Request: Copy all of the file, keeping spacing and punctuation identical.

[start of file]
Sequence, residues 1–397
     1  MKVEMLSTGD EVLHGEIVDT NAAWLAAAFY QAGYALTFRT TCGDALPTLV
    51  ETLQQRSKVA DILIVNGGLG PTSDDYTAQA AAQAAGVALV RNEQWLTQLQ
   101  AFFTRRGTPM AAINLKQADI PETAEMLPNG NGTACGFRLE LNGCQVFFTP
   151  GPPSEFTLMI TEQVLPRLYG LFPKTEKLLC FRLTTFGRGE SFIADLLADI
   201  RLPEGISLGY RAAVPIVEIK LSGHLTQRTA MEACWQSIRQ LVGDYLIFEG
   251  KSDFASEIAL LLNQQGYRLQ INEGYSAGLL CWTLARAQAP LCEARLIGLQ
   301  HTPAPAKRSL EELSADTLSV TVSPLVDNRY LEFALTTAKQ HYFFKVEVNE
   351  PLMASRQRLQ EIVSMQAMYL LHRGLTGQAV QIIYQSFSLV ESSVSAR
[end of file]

Sequence, residues 1–397
     1  MKVEMLSTGD EVLHGEIVDT NAAWLAAAFY QAGYALTFRT TCGDALPTLV
    51  ETLQQRSKVA DILIVNGGLG PTSDDYTAQA AAQAAGVALV RNEQWLTQLQ
   101  AFFTRRGTPM AAINLKQADI PETAEMLPNG NGTACGFRLE LNGCQVFFTP
   151  GPPSEFTLMI TEQVLPRLYG LFPKTEKLLC FRLTTFGRGE SFIADLLADI
   201  RLPEGISLGY RAAVPIVEIK LSGHLTQRTA MEACWQSIRQ LVGDYLIFEG
   251  KSDFASEIAL LLNQQGYRLQ INEGYSAGLL CWTLARAQAP LCEARLIGLQ
   301  HTPAPAKRSL EELSADTLSV TVSPLVDNRY LEFALTTAKQ HYFFKVEVNE
   351  PLMASRQRLQ EIVSMQAMYL LHRGLTGQAV QIIYQSFSLV ESSVSAR